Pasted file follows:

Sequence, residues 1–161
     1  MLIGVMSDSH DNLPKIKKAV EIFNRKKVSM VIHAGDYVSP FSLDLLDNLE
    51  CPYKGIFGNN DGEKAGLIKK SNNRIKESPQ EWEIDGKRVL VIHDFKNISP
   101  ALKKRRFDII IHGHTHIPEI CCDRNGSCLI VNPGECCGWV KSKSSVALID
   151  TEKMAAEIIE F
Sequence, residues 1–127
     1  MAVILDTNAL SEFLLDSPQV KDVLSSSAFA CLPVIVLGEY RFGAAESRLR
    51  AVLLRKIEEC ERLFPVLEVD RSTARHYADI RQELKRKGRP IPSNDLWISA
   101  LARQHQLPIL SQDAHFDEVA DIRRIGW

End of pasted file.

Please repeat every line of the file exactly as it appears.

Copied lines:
Sequence, residues 1–161
     1  MLIGVMSDSH DNLPKIKKAV EIFNRKKVSM VIHAGDYVSP FSLDLLDNLE
    51  CPYKGIFGNN DGEKAGLIKK SNNRIKESPQ EWEIDGKRVL VIHDFKNISP
   101  ALKKRRFDII IHGHTHIPEI CCDRNGSCLI VNPGECCGWV KSKSSVALID
   151  TEKMAAEIIE F
Sequence, residues 1–127
     1  MAVILDTNAL SEFLLDSPQV KDVLSSSAFA CLPVIVLGEY RFGAAESRLR
    51  AVLLRKIEEC ERLFPVLEVD RSTARHYADI RQELKRKGRP IPSNDLWISA
   101  LARQHQLPIL SQDAHFDEVA DIRRIGW